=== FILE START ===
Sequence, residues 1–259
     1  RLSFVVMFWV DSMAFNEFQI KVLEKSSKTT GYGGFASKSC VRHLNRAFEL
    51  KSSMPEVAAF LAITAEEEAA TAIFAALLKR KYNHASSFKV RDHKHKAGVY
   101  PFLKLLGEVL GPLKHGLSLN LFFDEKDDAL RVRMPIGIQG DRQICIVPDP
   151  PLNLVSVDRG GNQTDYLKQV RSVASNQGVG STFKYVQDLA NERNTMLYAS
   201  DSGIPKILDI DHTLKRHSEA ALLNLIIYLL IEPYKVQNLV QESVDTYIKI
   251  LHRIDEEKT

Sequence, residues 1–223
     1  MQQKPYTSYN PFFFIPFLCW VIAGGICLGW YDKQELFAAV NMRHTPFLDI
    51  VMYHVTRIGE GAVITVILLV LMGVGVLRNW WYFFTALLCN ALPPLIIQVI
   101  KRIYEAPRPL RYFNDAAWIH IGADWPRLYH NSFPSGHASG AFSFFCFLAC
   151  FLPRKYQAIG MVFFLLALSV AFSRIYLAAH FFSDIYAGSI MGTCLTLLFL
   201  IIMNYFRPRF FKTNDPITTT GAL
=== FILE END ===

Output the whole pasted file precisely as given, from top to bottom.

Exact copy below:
Sequence, residues 1–259
     1  RLSFVVMFWV DSMAFNEFQI KVLEKSSKTT GYGGFASKSC VRHLNRAFEL
    51  KSSMPEVAAF LAITAEEEAA TAIFAALLKR KYNHASSFKV RDHKHKAGVY
   101  PFLKLLGEVL GPLKHGLSLN LFFDEKDDAL RVRMPIGIQG DRQICIVPDP
   151  PLNLVSVDRG GNQTDYLKQV RSVASNQGVG STFKYVQDLA NERNTMLYAS
   201  DSGIPKILDI DHTLKRHSEA ALLNLIIYLL IEPYKVQNLV QESVDTYIKI
   251  LHRIDEEKT

Sequence, residues 1–223
     1  MQQKPYTSYN PFFFIPFLCW VIAGGICLGW YDKQELFAAV NMRHTPFLDI
    51  VMYHVTRIGE GAVITVILLV LMGVGVLRNW WYFFTALLCN ALPPLIIQVI
   101  KRIYEAPRPL RYFNDAAWIH IGADWPRLYH NSFPSGHASG AFSFFCFLAC
   151  FLPRKYQAIG MVFFLLALSV AFSRIYLAAH FFSDIYAGSI MGTCLTLLFL
   201  IIMNYFRPRF FKTNDPITTT GAL